Obama Drama

There’s been an enormous amount of media commentary in recent days on President Obama’s slipping popularity and what he woulda coulda shoulda done differently. One day after Obama scored his latest big accomplishment — passage of the huge financial reform bill– the NYT puzzles over why Obama’s star is falling and says he hasn’t been able to “change the partisan tone in the capital.” In Politico, editors John Harris and Jim Vandehei say Obama “has shown himself to be a Big Government liberal,” which is “killing him with independent-minded voters.”

I’m skeptical about journalistic second-guessing about political tactics and messaging. When unemployment remains stuck above 9 percent, with a huge share of those people jobless more than six months, nobody is going to be popular.

That said, two new pieces today — one in Salon and one in the Fiscal Times — offer specific examples of tone-deafness at the White House.

At Salon, Andrew Leonard describes Obama’s remarkably bloodless trip yesterday to Michigan for the groundbreaking of a factory that will make batteries for the Chevy Volt and other electric cars. In itself, Leonard says, the visit was a fine way to highlight how economic stimulus money is financing jobs and new energy technology. But he says Obama strikingly failed to make the broader case:

I didn’t hear him talk about how Republicans have blocked the extension of unemployment benefits, or refuse to allow new taxes on hedge fund managers. He didn’t whisper a word about how ridiculous Republican anti-regulation rhetoric sounds in the wake of the biggest financial crisis since the 1930s. Perhaps most disappointing, he didn’t lay out any plan for future action. “We’re not out of the woods yet” he said. But he didn’t breathe a word about how we’re going to get there,

If you suspect that the White House is lackluster in pushing for more aggressive job creation, my colleagues at the Fiscal Times offer this revealing look at the strange fight over $10 billion to prevent teacher layoffs nationwide. Rep. David Obey, chairman of House Appropriations, found a way to attach the money — repeatedly blocked by Republicans in the Senate — to the supplemental funding bill for Afghanistan. But the White House threatened a veto because Obey paid for some of it by cutting 15 percent from “Race to the Top,” Obama’s signature grant program for education reform projects.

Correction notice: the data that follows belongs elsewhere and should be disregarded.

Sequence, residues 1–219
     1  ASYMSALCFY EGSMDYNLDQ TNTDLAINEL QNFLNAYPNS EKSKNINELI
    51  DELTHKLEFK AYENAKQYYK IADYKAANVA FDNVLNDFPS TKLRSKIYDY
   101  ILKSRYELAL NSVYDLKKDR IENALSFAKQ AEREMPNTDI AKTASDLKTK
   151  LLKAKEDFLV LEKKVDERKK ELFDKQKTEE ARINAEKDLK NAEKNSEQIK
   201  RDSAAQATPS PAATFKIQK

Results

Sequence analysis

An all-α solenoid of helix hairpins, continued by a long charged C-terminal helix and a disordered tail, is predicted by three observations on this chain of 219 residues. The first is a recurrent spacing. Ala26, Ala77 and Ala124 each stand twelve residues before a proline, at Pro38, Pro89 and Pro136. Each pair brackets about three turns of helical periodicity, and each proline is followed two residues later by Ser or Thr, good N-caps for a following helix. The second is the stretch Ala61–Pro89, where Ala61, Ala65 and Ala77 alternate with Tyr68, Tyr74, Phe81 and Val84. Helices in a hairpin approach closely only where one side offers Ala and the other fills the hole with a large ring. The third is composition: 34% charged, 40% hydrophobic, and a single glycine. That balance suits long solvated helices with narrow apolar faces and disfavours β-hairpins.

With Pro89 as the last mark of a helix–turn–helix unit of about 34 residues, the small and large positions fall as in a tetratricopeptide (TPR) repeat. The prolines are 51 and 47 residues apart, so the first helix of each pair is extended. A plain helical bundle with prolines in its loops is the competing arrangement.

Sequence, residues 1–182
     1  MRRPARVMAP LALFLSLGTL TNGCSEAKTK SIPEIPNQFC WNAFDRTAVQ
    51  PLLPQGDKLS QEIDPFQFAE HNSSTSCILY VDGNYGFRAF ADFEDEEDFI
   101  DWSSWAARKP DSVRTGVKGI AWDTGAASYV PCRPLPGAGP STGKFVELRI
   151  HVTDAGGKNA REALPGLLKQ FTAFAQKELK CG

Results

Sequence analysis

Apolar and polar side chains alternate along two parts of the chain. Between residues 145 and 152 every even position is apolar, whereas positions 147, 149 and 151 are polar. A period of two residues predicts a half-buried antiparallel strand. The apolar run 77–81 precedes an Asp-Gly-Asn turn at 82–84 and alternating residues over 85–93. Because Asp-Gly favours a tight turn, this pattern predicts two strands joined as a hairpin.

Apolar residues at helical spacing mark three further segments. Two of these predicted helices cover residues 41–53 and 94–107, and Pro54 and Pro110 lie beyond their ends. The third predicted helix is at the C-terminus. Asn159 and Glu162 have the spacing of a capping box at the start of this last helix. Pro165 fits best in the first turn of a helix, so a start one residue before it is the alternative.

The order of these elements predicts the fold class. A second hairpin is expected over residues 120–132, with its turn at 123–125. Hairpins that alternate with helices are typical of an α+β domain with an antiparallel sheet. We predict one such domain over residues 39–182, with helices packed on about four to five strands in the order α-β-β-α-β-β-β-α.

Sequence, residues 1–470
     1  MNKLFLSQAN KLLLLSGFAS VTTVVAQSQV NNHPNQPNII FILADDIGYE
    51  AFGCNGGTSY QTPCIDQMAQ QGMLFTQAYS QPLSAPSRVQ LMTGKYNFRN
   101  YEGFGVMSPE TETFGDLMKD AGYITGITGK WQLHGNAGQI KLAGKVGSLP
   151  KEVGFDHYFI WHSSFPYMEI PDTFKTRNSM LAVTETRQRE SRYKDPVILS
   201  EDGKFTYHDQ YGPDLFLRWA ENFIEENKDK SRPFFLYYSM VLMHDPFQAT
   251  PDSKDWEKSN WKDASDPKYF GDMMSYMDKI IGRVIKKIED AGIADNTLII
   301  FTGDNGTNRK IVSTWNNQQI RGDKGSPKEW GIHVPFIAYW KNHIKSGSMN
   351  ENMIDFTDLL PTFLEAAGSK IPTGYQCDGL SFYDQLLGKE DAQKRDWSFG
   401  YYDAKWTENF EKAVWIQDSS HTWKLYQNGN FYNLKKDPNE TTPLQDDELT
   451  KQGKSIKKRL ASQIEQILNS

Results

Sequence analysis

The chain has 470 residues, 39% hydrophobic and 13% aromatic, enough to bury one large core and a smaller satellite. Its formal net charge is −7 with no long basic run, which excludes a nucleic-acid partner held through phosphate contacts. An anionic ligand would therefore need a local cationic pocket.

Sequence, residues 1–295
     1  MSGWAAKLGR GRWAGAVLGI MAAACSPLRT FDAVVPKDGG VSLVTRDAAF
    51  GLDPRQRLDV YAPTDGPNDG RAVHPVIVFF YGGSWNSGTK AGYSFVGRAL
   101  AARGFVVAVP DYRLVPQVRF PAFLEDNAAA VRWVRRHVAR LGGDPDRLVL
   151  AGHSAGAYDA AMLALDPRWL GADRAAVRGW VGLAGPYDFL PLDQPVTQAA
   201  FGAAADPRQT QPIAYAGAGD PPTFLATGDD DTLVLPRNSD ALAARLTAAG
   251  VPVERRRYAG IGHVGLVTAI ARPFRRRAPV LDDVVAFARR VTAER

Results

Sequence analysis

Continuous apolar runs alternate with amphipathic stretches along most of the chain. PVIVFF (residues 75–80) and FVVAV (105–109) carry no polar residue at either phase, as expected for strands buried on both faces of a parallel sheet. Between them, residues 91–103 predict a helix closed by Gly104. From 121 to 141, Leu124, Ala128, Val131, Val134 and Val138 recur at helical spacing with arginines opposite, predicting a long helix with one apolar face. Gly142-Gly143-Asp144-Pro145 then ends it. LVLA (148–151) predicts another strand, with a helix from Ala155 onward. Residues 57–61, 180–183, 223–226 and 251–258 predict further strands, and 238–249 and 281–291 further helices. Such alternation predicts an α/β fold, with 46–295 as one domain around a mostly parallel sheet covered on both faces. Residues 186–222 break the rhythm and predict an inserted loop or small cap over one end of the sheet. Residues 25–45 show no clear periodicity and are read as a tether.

Obey told the Fiscal Times’ Eric Pianan and Adam Graham-Silverman that he asked the White House for alternative places to find the money, and that the White House suggested cuts in food stamps. Food stamps? In the middle of protracted unemployment?

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About Edmund L. Andrews 37 Articles

Edmund L. Andrews spent two decades as a business and economics correspondent for The New York Times. During that time, he covered many of the nation ’s most transforming events, from the Internet and biotech revolutions to the emergence of capitalism in central Europe and Russia and the Federal Reserve under Alan Greenspan and Ben S. Bernanke. In 2009 he published BUSTED: Life Inside the Great Mortgage Meltdown (WW Norton), his own harrowingly personal account of the epic financial crisis. He has frequently appeared on major television and radio news programs, from the NewsHour with Jim Lehrer and Today to 20/20, All Things Considered, Lou Dobbs on CNN, the Colbert Show, BBC Worldwide, MSNBC and CNBC.

Ed began his affiliation with The Times in 1988 when he covered patents, telecommunications, and technology. In 1992, he joined the Washington bureau of The Times as a domestic correspondent and reported extensively on the business and politics surrounding the convergence of cable television, the Internet and broadband digital networks. In 1996, Ed became The Times’ European economics correspondent and its Frankfurt bureau chief. He returned to Washington in 2002 and became the bureau’s lead economics correspondent and The Times’ main eyes and ears on the Federal Reserve.

Prior to joining The Times, Ed worked as a magazine writer specializing in business and economics. Before that, he was an assignment editor for Cable News Network in Washington and an education and city government reporter at The Sentinel-Record in Hot Springs, Ark.

Ed graduated magna cum laude from Colgate University in 1978 with high honors in international relations. In 1981, he received a master’s degree in journalism from Northwestern University. He is married to Patricia Barreiro and has four children – Ryan, Matthew, Daniel and Emily.

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